In my limited experience, with just about any child rearing or parenting book that I’ve read, I’ve come away with about one or two pieces of really useful information, and a lot of things that were interesting but didn’t necessarily fit my life, or my family, or my philosophy (which currently is, “Everything is washable, and if it’s not, it shouldn’t live here”).
Here’s a book I absolutely will not order. No fucking way. If you see the cover, run the other way. Why? Because of this excerpt regarding the “casualty of hovering mothering” – the neglect of your sex life and your husband:
If you’ve ever watched a soap opera, read a romance novel, or seen a chick flick, you most likely have unrealistic expectations about marriage and relationships. According to these sources, they’re supposed to be full of thrills, romance, wealth, and of course, lots of heart-pounding sex. But countless marriages become fractured or end in divorce because of these unrealistic expectations.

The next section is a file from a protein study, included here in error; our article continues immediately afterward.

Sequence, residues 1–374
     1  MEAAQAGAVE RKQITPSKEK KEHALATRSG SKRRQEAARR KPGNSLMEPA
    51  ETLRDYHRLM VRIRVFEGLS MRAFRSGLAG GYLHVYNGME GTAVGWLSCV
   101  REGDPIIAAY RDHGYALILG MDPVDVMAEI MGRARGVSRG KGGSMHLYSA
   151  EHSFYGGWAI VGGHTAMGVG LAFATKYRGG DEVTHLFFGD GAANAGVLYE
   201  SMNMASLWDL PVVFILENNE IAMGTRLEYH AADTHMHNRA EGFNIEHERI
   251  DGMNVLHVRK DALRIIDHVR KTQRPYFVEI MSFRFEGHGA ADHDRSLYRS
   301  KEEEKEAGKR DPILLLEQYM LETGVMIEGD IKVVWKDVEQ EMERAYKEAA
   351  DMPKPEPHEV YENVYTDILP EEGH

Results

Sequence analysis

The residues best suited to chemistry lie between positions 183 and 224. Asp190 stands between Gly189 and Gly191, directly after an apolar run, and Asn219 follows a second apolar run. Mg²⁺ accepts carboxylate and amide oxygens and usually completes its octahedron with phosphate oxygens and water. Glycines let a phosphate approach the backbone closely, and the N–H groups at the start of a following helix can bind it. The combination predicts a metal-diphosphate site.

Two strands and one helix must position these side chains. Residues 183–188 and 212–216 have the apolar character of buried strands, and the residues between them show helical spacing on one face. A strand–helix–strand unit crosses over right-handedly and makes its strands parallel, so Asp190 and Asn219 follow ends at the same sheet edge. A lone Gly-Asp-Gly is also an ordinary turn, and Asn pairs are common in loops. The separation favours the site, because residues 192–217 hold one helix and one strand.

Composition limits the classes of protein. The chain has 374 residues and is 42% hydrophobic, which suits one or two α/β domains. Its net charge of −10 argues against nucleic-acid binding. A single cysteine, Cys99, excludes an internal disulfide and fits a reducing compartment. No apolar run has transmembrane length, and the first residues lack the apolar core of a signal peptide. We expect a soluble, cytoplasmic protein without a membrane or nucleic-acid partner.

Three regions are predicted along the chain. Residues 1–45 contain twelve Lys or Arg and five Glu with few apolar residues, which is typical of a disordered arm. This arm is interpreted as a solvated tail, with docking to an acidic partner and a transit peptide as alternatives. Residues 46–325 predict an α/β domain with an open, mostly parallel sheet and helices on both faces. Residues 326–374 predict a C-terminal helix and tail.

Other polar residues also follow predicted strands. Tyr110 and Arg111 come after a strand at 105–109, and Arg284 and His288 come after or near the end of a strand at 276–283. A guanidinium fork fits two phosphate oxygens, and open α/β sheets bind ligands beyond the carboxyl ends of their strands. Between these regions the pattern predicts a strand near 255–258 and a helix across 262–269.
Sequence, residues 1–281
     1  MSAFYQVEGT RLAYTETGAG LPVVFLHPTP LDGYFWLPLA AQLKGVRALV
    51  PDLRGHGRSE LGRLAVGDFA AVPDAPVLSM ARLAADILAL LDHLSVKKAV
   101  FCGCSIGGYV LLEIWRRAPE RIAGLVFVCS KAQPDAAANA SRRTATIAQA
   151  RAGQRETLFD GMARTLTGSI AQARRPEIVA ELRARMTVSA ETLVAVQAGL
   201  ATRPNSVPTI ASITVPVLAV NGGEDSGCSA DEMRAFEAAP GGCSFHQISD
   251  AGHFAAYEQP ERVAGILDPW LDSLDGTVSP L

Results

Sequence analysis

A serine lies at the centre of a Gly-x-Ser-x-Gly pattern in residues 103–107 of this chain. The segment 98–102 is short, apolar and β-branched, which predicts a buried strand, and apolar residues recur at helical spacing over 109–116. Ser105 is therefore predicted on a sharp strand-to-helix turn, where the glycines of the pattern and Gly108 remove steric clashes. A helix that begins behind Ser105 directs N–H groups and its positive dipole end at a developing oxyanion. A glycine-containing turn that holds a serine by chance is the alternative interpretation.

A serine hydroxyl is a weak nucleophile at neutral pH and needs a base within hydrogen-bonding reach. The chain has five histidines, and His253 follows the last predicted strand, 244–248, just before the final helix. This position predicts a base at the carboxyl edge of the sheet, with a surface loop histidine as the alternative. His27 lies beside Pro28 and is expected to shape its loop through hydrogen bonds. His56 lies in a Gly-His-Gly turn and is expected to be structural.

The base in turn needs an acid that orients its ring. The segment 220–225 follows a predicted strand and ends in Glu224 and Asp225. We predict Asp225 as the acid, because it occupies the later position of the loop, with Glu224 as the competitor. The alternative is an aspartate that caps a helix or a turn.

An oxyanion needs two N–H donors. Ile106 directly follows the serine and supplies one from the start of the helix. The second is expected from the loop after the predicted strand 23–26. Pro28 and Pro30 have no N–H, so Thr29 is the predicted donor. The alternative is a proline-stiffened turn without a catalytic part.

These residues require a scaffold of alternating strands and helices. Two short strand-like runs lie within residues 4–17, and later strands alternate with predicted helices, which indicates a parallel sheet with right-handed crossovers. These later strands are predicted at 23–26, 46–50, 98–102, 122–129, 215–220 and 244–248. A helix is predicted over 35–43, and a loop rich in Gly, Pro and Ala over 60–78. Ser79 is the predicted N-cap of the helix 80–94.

Are you fucking kidding me? Seriously, are you kidding? Not to reveal way too much about my marriage and my husband, romance novels are probably part of the reason we have a happy relationship right now – because I’m very merrily reading literature (yeah, I said literature, bitches) that focuses on relationships, overcoming obstacles, and if the writer is good, hot nookie within the CONFINES OF A COMMITTED RELATIONSHIP. Motherfucking idiots. Unrealistic expectations, my ass.
What really sends me right over the edge into high blood pressure and irate grunting (Hubby: “What’s wrong?” *reads over shoulder* “Oh, for fuck’s sake.”) is that according to these boneheads, the cornerstones to realistic modern relationships are Partnership, Communication and compromise, Trust, Respect, and Intimacy.
Gosh, not a one of those is in your nearest romance novel.
Hey. How’d this dent get in my table?
[P.S. if you’re looking for really insightful books on the first year of parenthood, our go-to gift for all our new parent friends is Armin Brott’s The New Father, which had better advice than most of my new mom books, and was written with sensitivity toward both parents. And my man Brott knows better than to write about romance novels.]